Hints, Tips and Solutions

How can I develop my own etch model in Victory Process?

Background: Victory Process is packaged with a wide range of etch models. Victory Process also supports an “Open Modelling Interface” (OMI). The OMI enables users to develop their own models inside Victory Process. Both etch and deposit models can be defined by the user in the OMI.

Example: In this example we are going to demonstrate how to define your own etch model.

Shown in Figure 1 is the starting structure.

 

Figure 1. Starting structure for customised etch modelling.

The demonstration structure is a simple piece of silicon with uniform geometry in the y direction and simple stepped surface.

The etch model is a CMP style model which will control the etch rate as a function of distance from the surface. As such, the surface high point (left hand side of the structure) will etch at a higher rate than the lower point of the surface (right hand side of the structure).

The C interpreter file / code to create the etch model is shown below

/***********************************
* cmp_physical
* Comment: rate dependent on point’s
* distance to the
* top surface point
**************************************/
int
cmp_physical(double max_z,

double x, double y,
double z,
double r0,
double ratio0,
double* rate)

{

if ( z >= max_z )
{
*rate = r0
}
else
{
*rate = r0 -( max_z - z) *
ratio0;
}
return 0;

}

The first section of the file defines the inputs and output of the file.

Here the inputs are:

  • the z-coordinate of the highest point of the surface (max_z)
  • the x, y, z location of the surface point
  • the maximum etch rate, r0. This is set in the deck (defined in the material characteristics)
  • the decrease of the etch rate with the distance from the highest surface point, ratio0, again set in the deck (defined in the material characteristics)
  • the value returned to the simulator is *rate. This is the etch rate at point (X/Y/Z)

Victory Process will call this C-function for every surface point (once every time step) of the simulated structure.

The last part of the file manipulates theses inputs and returns the output. In this example we assume that the etch rate decreases linearly with the distance from the highest point of the surface: *rate = r0 -( max_z - z) * ratio0

The deck used in this example is shown below:

GO victoryprocess

INIT material=”silicon” from=”0, 0” to=”2, 0.2” depth=1.5 gasheight=0.5 resolution=0.08flow.dim=3d meshDepth=2

SPECIFYMASKPOLY maskID=2 istansparent=false p=”1, -5” p=”1, 5” p=”5, 5” p=”5, -5”

ETCH material=silicon thickness=0.5 maskID=2 max

REACTION name=my_name c_function=cmp_physical depend1=highestSurfaceCoordinate depend2=position depend3=rate depend4=ratio

TOPOGRAPHYMODEL name=”my_etch_model” reactionmodel=my_name fluxmodel= “constant”

ETCHDEPOPROPERTIES chemicalname=”etcherrate” material=”silicon” rate=1 ratio=0.3

ETCH model=”my_etch_model” chemicalname=”etcherrate” time=0.30

SAVE name=”after_cmp”
EXPORT structure=”after_cmp_ex.str”

QUIT

The first part of the deck is quite conventional, setting up the starting material. The REACTION statement first gives a name to the reaction model that is to be created it then instructs Victory Process to use the C Interpreter function shown earlier. Finally this statement lists the dependencies (DEPEND<n>) which are the set of parameters sent to the C-function.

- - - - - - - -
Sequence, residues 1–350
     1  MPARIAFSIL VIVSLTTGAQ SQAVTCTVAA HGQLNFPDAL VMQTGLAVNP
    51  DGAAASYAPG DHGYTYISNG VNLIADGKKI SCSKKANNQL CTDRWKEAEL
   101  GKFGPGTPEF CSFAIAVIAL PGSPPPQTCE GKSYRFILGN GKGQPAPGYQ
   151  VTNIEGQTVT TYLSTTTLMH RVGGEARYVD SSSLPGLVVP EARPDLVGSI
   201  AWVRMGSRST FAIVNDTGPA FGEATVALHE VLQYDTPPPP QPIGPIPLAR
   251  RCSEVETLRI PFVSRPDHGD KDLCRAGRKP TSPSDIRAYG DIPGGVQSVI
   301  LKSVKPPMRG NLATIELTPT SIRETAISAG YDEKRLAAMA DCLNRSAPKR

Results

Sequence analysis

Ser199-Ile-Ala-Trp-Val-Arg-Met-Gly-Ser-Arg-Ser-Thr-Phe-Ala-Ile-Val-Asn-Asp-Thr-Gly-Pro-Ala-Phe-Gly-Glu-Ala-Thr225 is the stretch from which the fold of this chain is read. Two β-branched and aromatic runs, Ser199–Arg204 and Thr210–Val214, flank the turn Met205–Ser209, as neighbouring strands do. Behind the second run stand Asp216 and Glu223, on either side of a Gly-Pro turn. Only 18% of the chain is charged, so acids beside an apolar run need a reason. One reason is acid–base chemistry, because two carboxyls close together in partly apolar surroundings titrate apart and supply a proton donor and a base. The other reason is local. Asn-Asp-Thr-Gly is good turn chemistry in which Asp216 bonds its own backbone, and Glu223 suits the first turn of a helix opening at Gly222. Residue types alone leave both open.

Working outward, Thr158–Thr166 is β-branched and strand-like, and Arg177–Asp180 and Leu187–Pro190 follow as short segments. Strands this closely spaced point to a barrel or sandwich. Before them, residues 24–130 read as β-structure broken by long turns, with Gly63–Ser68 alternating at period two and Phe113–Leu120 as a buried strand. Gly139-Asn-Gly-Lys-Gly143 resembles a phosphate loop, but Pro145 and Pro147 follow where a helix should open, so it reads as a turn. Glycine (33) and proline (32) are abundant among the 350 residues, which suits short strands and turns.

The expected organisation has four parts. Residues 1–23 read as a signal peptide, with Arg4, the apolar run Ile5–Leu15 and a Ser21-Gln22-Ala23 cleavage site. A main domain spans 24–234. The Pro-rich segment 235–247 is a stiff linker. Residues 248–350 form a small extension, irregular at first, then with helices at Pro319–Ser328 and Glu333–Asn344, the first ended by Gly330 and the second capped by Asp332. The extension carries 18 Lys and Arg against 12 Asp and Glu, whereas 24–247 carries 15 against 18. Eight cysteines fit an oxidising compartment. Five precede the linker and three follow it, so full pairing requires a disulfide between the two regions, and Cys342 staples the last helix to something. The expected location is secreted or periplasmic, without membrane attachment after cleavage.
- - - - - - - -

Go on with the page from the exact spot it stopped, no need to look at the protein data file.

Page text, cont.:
The topography model is then flagged, named and set to call the reaction model as well as defining the flux model.

Finally the etch can be performed, the etch is initiated by the ETCH statement. This calls in the etch machine that has been defined in the previous statements.

Shown in Figure 2 is the product of this executed deck.

Figure 2. The structure shown in Figure 1 once it has been through the depth dependent rate etch process.

 

Shown in Figure 3 is a 2D overlay of slices taken through the structures shown in Figure 1 and 2. The etch model used here is dependent on the depth from the surface. As distance increases into the substrate, the etch rate decreases. As such the left hand side of the structure (the highest point) has etched significantly faster than the lower area on the right hand side.

Figure 3. Overlay of 2D cutplanes through the starting structure (red) and the final (etched) structure. The higher portion has etched faster.

 

The etch feature is not limited to a single material or a pseudo2D block (uniform geometry in the y direction). For example, shown in Figure 4 is a structure with an elliptical trench in the silicon into which concentric rings of nitride and polysilicon have been added. Victory Process can call in external mask files (GDS2), however in this instance the masks used to create these shapes were specified inside the Victory Process deck.

Figure 4. Distance rate etch starting structure with multiple materials all with different etch characteristics.

 

Figure 5. The result of subjecting the structure shown in Figure 4 to distance rate etch model.

 

The silicon, nitride and polysilicon are then subjected to the distance etch rate model introduced previously. The different materials are assigned different rate characteristics so the polysilicon is the least etched material, followed by the nitride and finally the material to be etched the fastest is the silicon. As the distance rate etch model is used on all three materials, the higher points are etched fastest and the lower points more slowly.

 

Conclusion

In this example we have demonstrated one of the advanced features of Victory Process, namely the Open Modelling Interface and its application for the development of user defined etch models via a CMP style model.